A Receptor in the Brain Makes Cocaine Relapse More Likely

Posted on 10/03/2010 by meg

“Drugs are addictive because they "hijack" the brain's reward system, which is actually intended to make it pleasurable to eat and have sex, behaviors that are necessary for survival and reproduction.”

Cocaine, a highly addictive drug, also technically known as benzoylmethylecgonine, is a crystalline tropane alkaloid (naturally occurring chemical compound containing nitrogen) that is obtained from the leaves of the coca plant.

The drug acts as a stimulant of the central nervous system, an appetite suppressant, and a topical anesthetic. Specifically, cocaine is a serotonin-norepinephrine-dopamine reuptake inhibitor (SNDRI), which mediates functionality of said neurotransmitters.

Basically, cocaine acts as a chemical in the brain that blocks the action of transporters of serotonin, norepinephrine and dopamine. This blocking increases extracellular concentrations around those specific neurotransmitters and increases their affects. In this type environment, higher levels of serotonin, noradrenalin, adrenaline or dopamine can be transmitted leading to increased euphoria.

Cocaine is highly addictive because of the way it affects the mesolimbic reward pathway (a pathway for dopamine). The addiction can persist long after periods of sobriety. The effect cocaine has on the brain is long-lasting making relapse very likely. For instance, relapse may occur simply by exposure to a situation associated with its use.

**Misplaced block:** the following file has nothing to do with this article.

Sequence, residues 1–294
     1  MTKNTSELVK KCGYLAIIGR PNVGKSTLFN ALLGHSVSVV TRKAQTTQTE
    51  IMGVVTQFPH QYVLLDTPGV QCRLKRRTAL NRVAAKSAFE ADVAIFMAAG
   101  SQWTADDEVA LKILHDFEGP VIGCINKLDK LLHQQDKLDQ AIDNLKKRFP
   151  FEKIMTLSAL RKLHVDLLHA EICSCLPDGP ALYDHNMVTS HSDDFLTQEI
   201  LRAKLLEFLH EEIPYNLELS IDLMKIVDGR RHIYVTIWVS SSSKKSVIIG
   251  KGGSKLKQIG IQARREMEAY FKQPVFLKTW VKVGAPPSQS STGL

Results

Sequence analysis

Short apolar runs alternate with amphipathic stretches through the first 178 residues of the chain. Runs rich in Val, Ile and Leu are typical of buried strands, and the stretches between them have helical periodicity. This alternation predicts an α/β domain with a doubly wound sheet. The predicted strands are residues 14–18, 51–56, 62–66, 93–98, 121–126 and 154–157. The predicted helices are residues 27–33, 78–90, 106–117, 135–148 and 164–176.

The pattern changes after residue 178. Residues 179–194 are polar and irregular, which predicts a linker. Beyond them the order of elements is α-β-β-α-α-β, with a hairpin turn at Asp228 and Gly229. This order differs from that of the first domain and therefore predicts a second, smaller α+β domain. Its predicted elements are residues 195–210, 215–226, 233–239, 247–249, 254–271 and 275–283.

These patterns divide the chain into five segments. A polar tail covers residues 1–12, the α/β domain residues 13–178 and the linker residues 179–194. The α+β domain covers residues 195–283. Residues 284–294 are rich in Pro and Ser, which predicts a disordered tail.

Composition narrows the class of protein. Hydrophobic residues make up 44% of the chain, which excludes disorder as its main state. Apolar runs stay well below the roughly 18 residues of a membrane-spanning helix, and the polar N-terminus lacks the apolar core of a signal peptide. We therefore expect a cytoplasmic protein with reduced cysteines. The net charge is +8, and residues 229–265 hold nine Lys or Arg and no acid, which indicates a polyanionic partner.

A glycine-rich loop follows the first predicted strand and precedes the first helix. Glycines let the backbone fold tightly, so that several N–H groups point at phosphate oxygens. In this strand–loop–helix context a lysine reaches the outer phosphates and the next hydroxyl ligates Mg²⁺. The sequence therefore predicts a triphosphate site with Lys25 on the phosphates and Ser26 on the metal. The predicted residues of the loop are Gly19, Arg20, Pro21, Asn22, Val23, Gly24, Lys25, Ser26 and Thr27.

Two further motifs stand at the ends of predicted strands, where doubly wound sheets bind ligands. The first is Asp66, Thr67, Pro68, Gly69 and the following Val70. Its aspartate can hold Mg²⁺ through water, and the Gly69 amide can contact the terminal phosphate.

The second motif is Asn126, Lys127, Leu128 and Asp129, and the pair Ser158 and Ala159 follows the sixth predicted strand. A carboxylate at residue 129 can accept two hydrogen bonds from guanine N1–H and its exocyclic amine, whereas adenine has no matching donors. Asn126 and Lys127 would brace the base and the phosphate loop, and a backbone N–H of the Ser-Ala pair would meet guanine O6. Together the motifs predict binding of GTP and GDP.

New research from Linköping University has pinpointed a specific molecule in the brain that may affect the addict’s chance of relapse. According to the study, led by David Engblom, associate professor of neurobiology at Linköping University in Sweden, “a receptor for the signal substance glutamate (mGluR5), in a part of the brain called the striatum, plays a major role in relapses.”

Also, he continues,
"our findings show that the mice who lacked the receptor were less prone to relapse. This is due the fact that their reaction to reward had not been etched into their memories in the same ways as in normal mice. The receptor seems to be a prerequisite for objects or environments that were previously associated with taking drugs, or something else rewarding, to create a craving".
This discovery should lead to further research into the understanding of cocaine addiction and its effects on the brain, as well as, the development of new methods for treating cocaine addiction.

Why the Craving for Cocaine Won’t Go Away
Cocaine
Serotonin–norepinephrine–dopamine reuptake inhibitor

© www.understandingaddictions.com

No Response to "A Receptor in the Brain Makes Cocaine Relapse More Likely"

Leave A Reply

Labels